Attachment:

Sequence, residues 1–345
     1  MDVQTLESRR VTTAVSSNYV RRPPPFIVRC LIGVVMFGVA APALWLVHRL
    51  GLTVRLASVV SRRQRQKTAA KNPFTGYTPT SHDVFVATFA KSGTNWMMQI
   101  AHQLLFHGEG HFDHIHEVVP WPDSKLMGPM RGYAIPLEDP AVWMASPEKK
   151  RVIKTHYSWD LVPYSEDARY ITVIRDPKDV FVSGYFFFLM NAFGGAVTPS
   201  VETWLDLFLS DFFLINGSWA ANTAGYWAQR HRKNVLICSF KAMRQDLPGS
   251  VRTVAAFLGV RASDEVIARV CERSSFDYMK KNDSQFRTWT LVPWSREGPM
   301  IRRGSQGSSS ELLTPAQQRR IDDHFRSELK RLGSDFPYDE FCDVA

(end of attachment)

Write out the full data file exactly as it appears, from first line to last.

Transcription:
Sequence, residues 1–345
     1  MDVQTLESRR VTTAVSSNYV RRPPPFIVRC LIGVVMFGVA APALWLVHRL
    51  GLTVRLASVV SRRQRQKTAA KNPFTGYTPT SHDVFVATFA KSGTNWMMQI
   101  AHQLLFHGEG HFDHIHEVVP WPDSKLMGPM RGYAIPLEDP AVWMASPEKK
   151  RVIKTHYSWD LVPYSEDARY ITVIRDPKDV FVSGYFFFLM NAFGGAVTPS
   201  VETWLDLFLS DFFLINGSWA ANTAGYWAQR HRKNVLICSF KAMRQDLPGS
   251  VRTVAAFLGV RASDEVIARV CERSSFDYMK KNDSQFRTWT LVPWSREGPM
   301  IRRGSQGSSS ELLTPAQQRR IDDHFRSELK RLGSDFPYDE FCDVA